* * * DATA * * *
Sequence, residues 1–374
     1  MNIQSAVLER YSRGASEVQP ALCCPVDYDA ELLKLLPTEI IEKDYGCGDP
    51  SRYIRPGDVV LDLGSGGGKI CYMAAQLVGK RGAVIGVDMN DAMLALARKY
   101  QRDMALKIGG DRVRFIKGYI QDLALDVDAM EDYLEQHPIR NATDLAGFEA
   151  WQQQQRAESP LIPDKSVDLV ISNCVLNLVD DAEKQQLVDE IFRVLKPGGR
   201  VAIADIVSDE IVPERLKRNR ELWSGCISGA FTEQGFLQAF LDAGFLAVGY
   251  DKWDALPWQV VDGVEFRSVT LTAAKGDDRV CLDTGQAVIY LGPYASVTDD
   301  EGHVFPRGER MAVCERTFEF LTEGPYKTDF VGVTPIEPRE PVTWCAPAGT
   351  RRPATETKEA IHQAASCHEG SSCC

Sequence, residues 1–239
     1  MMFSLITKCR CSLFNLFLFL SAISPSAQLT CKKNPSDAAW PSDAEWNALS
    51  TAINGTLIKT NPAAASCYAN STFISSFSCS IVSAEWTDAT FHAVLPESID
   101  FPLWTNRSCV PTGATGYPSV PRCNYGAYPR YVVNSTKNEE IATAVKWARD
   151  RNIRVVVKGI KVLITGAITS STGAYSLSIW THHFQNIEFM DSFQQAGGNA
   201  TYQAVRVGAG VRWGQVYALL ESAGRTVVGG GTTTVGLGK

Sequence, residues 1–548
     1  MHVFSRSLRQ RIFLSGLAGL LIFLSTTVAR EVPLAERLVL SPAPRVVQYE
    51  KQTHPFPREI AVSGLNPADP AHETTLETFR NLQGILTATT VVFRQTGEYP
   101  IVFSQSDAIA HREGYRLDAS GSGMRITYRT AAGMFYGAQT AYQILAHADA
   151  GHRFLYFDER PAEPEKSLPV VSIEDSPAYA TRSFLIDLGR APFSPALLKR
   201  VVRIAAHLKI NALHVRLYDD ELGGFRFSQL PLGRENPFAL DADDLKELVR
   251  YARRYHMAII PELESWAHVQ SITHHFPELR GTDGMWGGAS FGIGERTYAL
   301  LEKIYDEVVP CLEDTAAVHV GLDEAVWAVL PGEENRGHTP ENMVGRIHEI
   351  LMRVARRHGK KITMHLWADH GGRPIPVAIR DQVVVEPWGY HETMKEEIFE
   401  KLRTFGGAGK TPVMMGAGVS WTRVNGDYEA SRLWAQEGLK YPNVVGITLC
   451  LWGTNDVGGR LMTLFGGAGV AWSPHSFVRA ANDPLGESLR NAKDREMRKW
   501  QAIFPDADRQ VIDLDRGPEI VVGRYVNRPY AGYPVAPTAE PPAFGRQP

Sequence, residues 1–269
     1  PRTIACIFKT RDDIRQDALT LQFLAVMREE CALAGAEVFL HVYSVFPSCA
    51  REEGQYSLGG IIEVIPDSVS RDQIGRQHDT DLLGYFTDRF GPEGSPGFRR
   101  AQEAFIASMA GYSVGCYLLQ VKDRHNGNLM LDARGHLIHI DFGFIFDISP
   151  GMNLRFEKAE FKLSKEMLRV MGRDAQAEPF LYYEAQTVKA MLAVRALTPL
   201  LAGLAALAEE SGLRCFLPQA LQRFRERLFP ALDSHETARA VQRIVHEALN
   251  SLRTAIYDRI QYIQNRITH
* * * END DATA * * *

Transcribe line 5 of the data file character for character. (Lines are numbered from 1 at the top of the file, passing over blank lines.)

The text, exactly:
   151  WQQQQRAESP LIPDKSVDLV ISNCVLNLVD DAEKQQLVDE IFRVLKPGGR